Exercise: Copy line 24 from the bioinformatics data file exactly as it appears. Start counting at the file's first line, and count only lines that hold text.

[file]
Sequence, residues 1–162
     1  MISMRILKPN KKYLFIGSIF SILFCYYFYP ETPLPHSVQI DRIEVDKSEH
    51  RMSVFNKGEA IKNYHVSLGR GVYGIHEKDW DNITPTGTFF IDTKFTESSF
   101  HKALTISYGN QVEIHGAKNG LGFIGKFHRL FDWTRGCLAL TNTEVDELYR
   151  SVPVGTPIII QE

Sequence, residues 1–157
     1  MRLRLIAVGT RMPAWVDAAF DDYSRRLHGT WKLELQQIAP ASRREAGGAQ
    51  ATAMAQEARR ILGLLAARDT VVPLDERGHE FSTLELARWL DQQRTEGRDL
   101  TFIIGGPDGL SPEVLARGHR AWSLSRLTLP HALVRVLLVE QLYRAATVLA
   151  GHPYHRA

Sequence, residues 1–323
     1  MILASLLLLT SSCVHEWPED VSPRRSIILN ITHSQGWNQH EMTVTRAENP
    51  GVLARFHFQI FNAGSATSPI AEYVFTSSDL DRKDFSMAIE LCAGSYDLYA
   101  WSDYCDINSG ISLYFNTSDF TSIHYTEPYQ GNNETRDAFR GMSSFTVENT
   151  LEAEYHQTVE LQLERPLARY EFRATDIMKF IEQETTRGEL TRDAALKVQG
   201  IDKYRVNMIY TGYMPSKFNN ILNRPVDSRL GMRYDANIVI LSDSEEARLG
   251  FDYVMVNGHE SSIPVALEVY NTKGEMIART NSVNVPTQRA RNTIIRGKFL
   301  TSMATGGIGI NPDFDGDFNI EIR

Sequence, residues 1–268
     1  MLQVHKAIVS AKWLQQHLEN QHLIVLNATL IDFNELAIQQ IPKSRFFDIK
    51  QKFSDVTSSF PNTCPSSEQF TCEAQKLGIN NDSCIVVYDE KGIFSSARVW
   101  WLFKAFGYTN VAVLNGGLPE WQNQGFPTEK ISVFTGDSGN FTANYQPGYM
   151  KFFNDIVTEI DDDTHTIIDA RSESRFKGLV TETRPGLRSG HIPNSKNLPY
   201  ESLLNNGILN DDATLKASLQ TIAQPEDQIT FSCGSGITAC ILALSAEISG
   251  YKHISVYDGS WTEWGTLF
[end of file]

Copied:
   201  ESLLNNGILN DDATLKASLQ TIAQPEDQIT FSCGSGITAC ILALSAEISG